February 6th, 2014
05:21 PM ET

Top U.S. diplomat launches f-bomb on EU in leaked recorded conversation

By Elise Labott

A leaked audio recording of a phone call allegedly catches the top U.S. diplomat to Europe working on a behind-the-scenes deal to end the Ukrainian political turmoil, and using profanity to express strong frustrations with inaction and indecision by the European Union in resolving the crisis.

In the conversation, voices closely resembling those of Assistant Secretary for European Affairs Victoria Nuland and U.S. Ambassador to Ukraine Geoffrey Pyatt discuss a plan to broker a deal between the Ukrainian government and the opposition.

At one point the woman, who sounds like Nuland, can be heard saying "f**k the EU."

The recording was uploaded on YouTube on February 4 by an anonymous user named "Maidan Puppets," and had been viewed more than 11,000 times as of Thursday. The name of the user appears to be a reference to Maidan Square in Kiev, where protestors have fought the government and Russian accusations that the protestors are puppets of the West. The call also was posted on the Kyiv Post, a leading Ukrainian newspaper.

The call cannot be independently verified and it is unclear when or where it was recorded.

State Department spokeswoman Jen Psaki declined to speak about the details of a private conversation, but did not say the call was inauthentic.

The U.S. is pointing a finger at Russian involvement in the matter of the leaked call. Russia has accused the U.S. in meddling in Ukraininan affairs, and U.S officials suggested Moscow likely tapped Nuland and Pyatt's phone conversation and leaked it out of concern about a potential deal between the government and the opposition

Although she said she didn't have independent detail about the origin of the YouTube video, Psaki said the fact the recording was first tweeted out by an employee in Russian Deputy Prime Minister Dmitry Rogozin's office was an "indication" they played a role.

"Certainly we think this is a new low in Russian trade-craft," Psaki said, using a term that refers to a nation state's espionage activities. "This is something they've been actively promoting, posting on."

The conversation appears to address Ukranian President Viktor Yanukovych's January 25 offer of a power-sharing deal with opposition leader Arseniy Yatseniuk as prime minister and Vitaly Klitschko as deputy prime minister in a new national unity government. Both men refused Yanukovych's offer.

The woman sounding like Nuland says, "I don't think it's necessary, I don't think it's a good idea," for Klitschko to have a role in the government, adding that she favors Yatseniuk to be the new prime minister.

"I think Yats (Yatseniuk) is the guy who's got the economic experience, the governing experience," Nuland says, according to the recording.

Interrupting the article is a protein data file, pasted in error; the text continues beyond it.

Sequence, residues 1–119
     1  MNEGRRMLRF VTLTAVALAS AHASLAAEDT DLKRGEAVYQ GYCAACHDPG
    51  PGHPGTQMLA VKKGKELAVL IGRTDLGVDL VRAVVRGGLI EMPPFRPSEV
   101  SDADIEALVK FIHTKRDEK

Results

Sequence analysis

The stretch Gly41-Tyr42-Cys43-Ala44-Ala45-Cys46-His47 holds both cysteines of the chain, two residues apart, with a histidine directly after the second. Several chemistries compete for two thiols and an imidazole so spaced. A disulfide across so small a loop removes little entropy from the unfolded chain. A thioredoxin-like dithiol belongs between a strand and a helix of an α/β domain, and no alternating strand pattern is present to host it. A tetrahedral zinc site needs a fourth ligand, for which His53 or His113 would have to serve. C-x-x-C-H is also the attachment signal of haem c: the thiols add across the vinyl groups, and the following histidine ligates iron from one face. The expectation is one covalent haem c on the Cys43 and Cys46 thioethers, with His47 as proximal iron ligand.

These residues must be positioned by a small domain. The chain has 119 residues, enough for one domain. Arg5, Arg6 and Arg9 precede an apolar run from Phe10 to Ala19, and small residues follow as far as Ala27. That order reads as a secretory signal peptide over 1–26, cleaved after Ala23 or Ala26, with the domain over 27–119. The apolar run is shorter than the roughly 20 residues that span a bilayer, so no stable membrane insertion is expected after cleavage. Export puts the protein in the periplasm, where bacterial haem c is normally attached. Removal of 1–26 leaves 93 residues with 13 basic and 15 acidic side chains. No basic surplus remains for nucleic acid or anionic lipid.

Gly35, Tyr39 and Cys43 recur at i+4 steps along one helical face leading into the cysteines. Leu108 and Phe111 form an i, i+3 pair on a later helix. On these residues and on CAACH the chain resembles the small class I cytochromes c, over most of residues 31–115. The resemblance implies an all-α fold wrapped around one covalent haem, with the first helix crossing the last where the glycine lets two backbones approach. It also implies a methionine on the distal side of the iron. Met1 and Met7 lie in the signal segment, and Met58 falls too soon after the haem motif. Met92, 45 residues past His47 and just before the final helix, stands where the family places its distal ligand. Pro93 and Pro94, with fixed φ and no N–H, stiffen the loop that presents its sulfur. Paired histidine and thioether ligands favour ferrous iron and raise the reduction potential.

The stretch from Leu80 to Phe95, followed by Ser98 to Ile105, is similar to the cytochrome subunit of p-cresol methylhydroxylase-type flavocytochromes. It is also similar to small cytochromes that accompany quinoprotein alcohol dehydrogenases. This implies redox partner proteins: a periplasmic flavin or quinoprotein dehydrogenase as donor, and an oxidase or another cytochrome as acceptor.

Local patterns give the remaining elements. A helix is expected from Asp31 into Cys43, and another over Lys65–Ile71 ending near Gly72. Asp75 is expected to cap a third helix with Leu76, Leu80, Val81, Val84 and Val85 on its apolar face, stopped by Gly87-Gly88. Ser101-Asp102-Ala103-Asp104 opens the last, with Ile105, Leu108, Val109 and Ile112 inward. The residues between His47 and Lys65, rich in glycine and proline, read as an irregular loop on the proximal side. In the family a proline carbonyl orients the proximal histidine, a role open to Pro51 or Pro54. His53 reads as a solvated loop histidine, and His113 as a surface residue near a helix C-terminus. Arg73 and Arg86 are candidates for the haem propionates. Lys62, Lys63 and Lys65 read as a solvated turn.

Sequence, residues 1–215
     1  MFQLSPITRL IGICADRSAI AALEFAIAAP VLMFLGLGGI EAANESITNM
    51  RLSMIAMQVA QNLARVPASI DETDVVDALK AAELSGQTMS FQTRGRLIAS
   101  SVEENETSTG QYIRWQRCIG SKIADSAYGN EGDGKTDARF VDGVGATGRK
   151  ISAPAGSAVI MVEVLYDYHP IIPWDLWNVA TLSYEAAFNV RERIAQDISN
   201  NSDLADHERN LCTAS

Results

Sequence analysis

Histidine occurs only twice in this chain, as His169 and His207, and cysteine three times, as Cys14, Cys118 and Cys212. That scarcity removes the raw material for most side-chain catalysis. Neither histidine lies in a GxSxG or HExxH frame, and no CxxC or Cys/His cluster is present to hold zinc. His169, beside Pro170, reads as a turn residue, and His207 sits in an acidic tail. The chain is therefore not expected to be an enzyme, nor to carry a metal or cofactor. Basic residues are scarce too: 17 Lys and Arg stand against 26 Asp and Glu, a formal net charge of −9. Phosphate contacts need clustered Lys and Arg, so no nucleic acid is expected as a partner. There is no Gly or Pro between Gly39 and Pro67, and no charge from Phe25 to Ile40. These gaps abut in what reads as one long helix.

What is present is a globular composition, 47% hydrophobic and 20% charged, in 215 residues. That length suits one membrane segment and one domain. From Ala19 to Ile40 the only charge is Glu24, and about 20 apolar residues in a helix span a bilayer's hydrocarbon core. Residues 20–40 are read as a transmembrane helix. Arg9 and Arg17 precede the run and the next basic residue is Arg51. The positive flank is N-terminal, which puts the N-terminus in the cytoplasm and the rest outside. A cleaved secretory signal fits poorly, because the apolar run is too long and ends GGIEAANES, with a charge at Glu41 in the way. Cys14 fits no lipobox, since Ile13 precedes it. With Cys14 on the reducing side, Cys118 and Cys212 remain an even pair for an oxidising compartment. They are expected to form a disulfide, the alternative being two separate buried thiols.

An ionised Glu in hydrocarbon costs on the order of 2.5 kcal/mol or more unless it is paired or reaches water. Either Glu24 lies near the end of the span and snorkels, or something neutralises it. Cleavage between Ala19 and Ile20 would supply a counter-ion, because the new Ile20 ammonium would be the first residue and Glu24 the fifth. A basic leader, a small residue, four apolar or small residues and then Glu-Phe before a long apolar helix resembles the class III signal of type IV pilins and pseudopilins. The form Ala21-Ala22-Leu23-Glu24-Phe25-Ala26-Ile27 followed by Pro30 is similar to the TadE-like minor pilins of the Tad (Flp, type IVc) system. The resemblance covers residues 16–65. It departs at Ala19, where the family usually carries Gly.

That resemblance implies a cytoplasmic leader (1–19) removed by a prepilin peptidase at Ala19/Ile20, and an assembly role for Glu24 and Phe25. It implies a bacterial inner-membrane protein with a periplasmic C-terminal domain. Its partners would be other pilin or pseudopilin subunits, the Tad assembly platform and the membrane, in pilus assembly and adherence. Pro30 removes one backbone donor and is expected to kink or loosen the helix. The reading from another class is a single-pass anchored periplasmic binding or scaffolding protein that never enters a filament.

The man sounding like Pratt refers to Vitali Klitschko as the "top dog" among opposition leaders, but suggests Klitschko is too inexperienced to hold a top government post.

"Yeah ... I guess ... in terms of him not going into the government, just let him sort of stay out and do his political homework and stuff," he says. "I'm just thinking in terms of sort of the process moving ahead, we want to keep the moderate democrats together."

Referring to a perceived lack of pressure by the European Union in putting pressure on President Yanukovych, Nuland tells Pratt she has spoken to the United Nations, and that Secretary-General Ban Ki-moon agreed to send someone to broker the discussions.

"That would be great to help glue this thing and to have the U.N. help glue it," Nuland said. "And you know, f**k the EU."

"Exactly," Pyatt replies. "And I think we got to do something to make it stick together, because you can be sure that if it does start to gain altitude the Russians will be working behind the scenes to torpedo it. Let me work on Klitschko, and I think we should get a Western personality to come out here (to Ukraine) and midwife this thing."

"I think we are in play," Pyatt adds.

The recording ends with Nuland saying she can get likely get Vice President Joseph Biden to make a phone call, presumably to Yanukovych "for an atta-boy and to get the deeds to stick." Biden has talked to Yanukovych by telephone at least four times in the last month.

The State Department's Psaki said, "It is no secret that Ambassador Pyatt and Assistant Secretary Nuland have been working with the government of Ukraine, with the opposition, with business and civil society leaders to support their efforts, and it shouldn't be a surprise that at any point there have been discussions about recent events and offers and what is happening on the ground."

She added that Nuland had apologized to her EU counterparts.

Maja Kocijancic, a spokesperson for EU foreign policy chief Cathy Ashton, told CNN, "The EU is engaged in helping the people of Ukraine through the current political crisis. We don't comment on alleged leaked telephone conversations."

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